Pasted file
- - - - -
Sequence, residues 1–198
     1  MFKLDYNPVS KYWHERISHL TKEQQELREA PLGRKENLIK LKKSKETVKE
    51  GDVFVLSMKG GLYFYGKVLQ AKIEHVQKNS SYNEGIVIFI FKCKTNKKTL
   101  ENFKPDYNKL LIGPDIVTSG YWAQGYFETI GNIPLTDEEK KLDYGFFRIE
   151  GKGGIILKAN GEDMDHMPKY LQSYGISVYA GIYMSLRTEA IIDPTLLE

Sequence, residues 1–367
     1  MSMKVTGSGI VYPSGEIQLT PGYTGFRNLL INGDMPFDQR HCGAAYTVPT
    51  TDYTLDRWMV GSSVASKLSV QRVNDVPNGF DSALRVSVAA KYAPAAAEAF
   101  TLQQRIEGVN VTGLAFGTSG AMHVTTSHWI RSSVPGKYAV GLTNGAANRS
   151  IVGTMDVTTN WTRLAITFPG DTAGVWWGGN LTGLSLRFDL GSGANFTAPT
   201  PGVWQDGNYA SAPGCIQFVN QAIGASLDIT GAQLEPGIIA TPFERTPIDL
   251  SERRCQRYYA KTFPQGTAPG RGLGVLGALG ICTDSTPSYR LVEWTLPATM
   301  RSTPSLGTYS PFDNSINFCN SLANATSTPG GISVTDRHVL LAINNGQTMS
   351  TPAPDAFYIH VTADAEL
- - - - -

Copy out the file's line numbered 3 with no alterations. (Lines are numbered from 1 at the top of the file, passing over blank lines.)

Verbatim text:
    51  GDVFVLSMKG GLYFYGKVLQ AKIEHVQKNS SYNEGIVIFI FKCKTNKKTL